What About Hypocrites?

Woe to you, teachers of the law and Pharisees, you hypocrites! You shut the kingdom of heaven in men’s faces” (v. 13).

- Matthew 23:13–36

The Greek word from which hypocrisy comes refers to the play-acting involved in the theater. A good actor was a hypocrite, but in time, the word came to describe people who are guilty of intentional forms of deception. More specifically, then, a hypocrite is someone who publicly and indignantly denounces certain sins, while secretly he does them himself. A hypocrite pretends either to be more righteous or less sinful than he really is.

In this sense, we do indeed see a lot of hypocrisy in the church. The problem of this kind of hypocrisy has been aggravated in recent years by the scandals that have emerged around a few (not all) television preachers. The world is only too ready to remind us of this.

The Christian church is the only institution in the world that declares itself to be a group of people who are sinners. We announce this to the world by our baptism “for the remission of sins.” Since we own up to our sins, including the sin of hypocrisy, it would seem that we would not be attacked for them.

Once we are in the church, however, we realize that we are called to stop sinning and conform to the law of God. We are not supposed to scandalize the church by wicked behavior. Because God’s standards are so high and holy, though, believers do fall short of them.

In the face of our failure, we can do one of two things. We can take God’s law and try to bring it down to our standards. That is the case all too often today. We live in an unprecedented age of easy-believism, where obedience is not a priority. The goal now is for God to make me rich and happy, not for me to serve Him by giving my life to Him. This is one form of hypocrisy, since we are operating and communicating deceitfully about who God is and what He has called us to do.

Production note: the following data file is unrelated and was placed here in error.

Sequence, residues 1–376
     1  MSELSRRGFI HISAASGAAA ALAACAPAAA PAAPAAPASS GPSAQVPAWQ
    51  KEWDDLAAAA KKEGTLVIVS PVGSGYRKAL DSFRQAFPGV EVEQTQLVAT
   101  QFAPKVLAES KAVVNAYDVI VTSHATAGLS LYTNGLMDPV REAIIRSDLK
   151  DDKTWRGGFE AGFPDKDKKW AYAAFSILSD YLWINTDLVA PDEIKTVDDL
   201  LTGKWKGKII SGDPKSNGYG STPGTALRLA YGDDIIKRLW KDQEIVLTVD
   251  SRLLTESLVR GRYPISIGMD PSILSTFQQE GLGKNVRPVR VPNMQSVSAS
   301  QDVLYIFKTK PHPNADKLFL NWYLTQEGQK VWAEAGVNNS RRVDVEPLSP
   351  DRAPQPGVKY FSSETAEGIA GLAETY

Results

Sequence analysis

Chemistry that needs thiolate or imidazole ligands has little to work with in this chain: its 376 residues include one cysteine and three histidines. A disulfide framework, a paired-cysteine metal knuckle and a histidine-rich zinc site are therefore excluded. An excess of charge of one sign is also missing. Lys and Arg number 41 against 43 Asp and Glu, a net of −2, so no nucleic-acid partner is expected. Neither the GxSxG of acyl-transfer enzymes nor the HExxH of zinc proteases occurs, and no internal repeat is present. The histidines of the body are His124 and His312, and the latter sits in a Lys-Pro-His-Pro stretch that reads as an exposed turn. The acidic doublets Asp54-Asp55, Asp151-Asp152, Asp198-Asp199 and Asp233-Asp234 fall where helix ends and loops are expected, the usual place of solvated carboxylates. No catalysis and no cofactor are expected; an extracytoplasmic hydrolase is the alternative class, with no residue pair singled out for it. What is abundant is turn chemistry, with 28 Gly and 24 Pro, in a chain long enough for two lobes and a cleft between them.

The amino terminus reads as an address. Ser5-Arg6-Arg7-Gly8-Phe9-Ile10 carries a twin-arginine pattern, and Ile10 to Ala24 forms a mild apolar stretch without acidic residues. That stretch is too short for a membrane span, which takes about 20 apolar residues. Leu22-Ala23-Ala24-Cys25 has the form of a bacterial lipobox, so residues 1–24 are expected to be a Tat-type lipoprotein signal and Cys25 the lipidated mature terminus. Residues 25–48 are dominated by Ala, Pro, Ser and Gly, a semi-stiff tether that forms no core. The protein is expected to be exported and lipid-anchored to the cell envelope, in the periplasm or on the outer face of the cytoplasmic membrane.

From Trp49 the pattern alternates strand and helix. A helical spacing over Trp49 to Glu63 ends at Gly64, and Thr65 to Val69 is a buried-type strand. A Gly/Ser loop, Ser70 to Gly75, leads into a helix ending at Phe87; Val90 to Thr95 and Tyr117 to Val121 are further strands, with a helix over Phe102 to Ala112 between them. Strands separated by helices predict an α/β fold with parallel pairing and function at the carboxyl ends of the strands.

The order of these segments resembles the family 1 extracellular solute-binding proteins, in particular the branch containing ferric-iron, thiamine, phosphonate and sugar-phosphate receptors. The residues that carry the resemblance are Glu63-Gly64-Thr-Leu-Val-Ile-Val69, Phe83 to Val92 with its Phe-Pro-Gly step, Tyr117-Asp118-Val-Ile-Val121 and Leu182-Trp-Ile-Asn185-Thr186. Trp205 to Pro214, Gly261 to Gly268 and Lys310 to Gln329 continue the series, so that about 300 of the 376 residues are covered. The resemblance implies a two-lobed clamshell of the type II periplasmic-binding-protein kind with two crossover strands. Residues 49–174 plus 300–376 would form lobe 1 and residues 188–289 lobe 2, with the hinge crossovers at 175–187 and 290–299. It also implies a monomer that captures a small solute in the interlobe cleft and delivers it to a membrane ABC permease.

The other form of hypocrisy is to pretend to live at a higher level of obedience than we actually do. There is so much pressure to achieve a certain level of godliness that if we haven’t achieved it, we may pretend that we have. Either form of hypocrisy is a sin that believers must guard against.

Coram Deo

Does today’s lesson strike close to home? Are there things you advise other Christians to do that you yourself don’t do? Beyond this mild hypocrisy, is there some awful sin in your life that you are covering up with a veneer of holiness? If so, seek the counsel of your pastor immediately and open yourself up to him for help.

Passages for Further Study

Matthew 15:1–11; 23
Acts 4:32–5:11
Galatians 6:1–10

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